Northern Canada has the highest drowning rate in the country. Audrey Giles is working with Arctic communities to reduce that tragic toll.
“The number of drownings in the North is six to 16 times the national average in any given year.”
– Audrey Giles
If you’re boating or snowmobiling in the Arctic, the Inuit will tell you to bring a knife so that if you fall into the frigid water you can stab floating ice and pull yourself out.
But you won’t find that technique in Canadian swimming, boating safety or lifeguarding courses. Audrey Giles aims to change that.
Giles is a professor at the University of Ottawa’s School of Human Kinetics. For nearly 20 years, she has been working with northern Canadian communities to reduce the alarmingly high rate of drowning in that region. “The number of drownings is six to 16 times the national average in any given year,” she says.
The reasons why water-related emergencies are so much more frequent and deadly in the North are complicated. The temperature is, of course, one factor. Remote northern communities can also be a long way from health services. And climate change is altering waterways and ice routes — which had long been safe — to the point of being treacherous.
Perhaps just as important as these physical challenges is a failure of training and prevention. In every city south of the territories, there are relevant public safety campaigns and training for the area. Not so in the North, Giles has found.
While completing her undergraduate degree, she went to Cape Dorset, Nunavut, in 1998. She worked at a municipal swimming pool and discovered that her certifications and experience in Toronto didn’t translate well to a tiny seasonal pool in the Arctic.
Running swimming lessons and lifeguard courses to southern standards in pools that are commonly only a metre deep is just not possible. This means that local people miss out on the deep-water physical skill components of courses offered in the South, so they often cannot become certified.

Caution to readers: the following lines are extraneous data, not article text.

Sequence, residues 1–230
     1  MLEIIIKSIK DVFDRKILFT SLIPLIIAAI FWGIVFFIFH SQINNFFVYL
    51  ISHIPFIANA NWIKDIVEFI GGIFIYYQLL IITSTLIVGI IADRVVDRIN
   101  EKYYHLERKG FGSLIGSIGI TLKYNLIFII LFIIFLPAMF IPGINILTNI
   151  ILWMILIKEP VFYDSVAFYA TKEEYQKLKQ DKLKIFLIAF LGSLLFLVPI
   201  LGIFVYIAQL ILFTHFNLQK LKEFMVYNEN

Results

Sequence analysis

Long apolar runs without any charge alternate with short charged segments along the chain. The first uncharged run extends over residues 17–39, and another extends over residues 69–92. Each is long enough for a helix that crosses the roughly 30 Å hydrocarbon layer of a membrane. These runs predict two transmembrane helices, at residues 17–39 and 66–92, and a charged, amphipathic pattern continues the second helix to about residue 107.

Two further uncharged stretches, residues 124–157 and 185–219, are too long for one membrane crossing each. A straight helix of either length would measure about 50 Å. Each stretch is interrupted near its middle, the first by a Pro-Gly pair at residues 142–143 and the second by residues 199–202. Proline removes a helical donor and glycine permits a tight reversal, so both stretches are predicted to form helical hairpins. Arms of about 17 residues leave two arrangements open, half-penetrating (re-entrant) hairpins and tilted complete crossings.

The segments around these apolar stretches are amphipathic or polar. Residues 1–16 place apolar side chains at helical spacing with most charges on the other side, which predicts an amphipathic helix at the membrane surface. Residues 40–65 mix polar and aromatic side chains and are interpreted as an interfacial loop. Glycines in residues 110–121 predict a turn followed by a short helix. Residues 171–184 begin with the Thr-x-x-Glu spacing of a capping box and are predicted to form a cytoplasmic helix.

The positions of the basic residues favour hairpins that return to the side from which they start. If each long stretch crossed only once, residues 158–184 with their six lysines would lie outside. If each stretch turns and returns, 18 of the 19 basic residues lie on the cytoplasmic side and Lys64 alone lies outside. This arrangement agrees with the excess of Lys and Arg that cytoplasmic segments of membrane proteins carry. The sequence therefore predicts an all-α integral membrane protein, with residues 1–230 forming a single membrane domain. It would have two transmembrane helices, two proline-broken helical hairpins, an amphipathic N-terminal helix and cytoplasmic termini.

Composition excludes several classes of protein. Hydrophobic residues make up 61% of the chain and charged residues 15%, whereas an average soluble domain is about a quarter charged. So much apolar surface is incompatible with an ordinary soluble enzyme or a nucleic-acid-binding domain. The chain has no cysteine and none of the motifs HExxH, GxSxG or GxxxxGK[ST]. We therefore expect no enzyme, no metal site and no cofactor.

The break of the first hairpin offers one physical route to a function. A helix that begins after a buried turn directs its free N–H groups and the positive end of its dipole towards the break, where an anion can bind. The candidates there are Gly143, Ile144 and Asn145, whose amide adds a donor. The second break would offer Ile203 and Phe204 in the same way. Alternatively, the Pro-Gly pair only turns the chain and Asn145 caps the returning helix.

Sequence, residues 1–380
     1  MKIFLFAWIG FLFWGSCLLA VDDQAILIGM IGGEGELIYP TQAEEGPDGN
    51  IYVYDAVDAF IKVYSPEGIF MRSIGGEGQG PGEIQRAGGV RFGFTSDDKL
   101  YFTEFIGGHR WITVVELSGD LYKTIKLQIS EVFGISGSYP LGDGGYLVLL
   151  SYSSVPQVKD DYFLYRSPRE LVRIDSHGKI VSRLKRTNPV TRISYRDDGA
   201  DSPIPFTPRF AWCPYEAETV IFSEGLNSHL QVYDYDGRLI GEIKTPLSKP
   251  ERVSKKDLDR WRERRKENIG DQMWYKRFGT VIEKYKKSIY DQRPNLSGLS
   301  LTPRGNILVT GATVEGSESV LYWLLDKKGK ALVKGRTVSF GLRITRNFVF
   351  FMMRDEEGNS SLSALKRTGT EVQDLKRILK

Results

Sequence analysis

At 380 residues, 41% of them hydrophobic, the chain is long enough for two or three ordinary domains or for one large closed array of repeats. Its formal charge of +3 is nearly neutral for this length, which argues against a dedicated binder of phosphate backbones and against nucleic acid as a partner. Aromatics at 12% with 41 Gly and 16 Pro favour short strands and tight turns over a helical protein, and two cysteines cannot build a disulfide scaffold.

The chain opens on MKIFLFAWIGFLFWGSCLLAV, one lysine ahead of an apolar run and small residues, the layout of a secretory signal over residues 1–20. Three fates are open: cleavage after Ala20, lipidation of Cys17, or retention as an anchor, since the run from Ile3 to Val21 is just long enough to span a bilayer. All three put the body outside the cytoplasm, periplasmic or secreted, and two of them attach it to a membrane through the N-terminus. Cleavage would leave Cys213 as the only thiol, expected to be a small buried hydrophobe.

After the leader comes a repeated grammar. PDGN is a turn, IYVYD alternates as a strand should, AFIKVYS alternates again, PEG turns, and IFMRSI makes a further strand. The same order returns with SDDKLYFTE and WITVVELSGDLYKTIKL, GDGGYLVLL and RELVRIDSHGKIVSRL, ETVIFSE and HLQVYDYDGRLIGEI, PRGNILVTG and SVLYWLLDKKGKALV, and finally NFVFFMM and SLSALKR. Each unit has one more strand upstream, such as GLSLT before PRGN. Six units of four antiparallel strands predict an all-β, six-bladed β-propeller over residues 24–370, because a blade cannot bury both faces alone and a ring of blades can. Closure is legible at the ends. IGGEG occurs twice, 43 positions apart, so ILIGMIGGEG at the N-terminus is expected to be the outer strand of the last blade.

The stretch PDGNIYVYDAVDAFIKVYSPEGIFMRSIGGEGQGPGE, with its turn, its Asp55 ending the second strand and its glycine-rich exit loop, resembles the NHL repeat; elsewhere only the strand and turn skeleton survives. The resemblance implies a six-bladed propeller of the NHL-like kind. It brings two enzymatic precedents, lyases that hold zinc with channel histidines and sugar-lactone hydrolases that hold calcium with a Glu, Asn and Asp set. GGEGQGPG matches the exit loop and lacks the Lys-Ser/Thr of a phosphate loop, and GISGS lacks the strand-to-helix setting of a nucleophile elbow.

The content of the courses is an even bigger problem. “These cultures have had water safety since time immemorial,” says Giles. “It’s deeply offensive to try to replace the traditional knowledge of Elders on ice safety or boating with southern ‘experts’.”
The professor’s research is aimed at developing and deploying culturally and geographically appropriate water and boat safety programs. Giles returns to northern communities as often as she can, usually four or five times a year. She has just finished developing boat safety programs tailored to three communities in the Northwest Territories. The research is a collaboration between the University of Ottawa, the N.W.T. Recreation and Parks Association, the communities and local governments.
The people of Inuvik wanted a public safety campaign, so graduate student Katie Gloss worked with them to create posters and use social media. Deline pitched an app to help people be more prepared on the water, tracking where they are going and when they are coming back. Fort Simpson asked for boat safety training that includes cold-water survival, and requested signs about alcohol and boating.
Co-creating these resources fills an important gap. Municipalities and territorial governments are supportive, but the Northwest Territories’ Department of Health and Social Services, for example, has only one person working in injury prevention.
“The key is working with the local peoples,” says Giles. After nearly 20 years of forging relationships in their communities, she has built the trust and understanding that are essential to designing water safety programs that speak to northern realities.
by Ben Williamson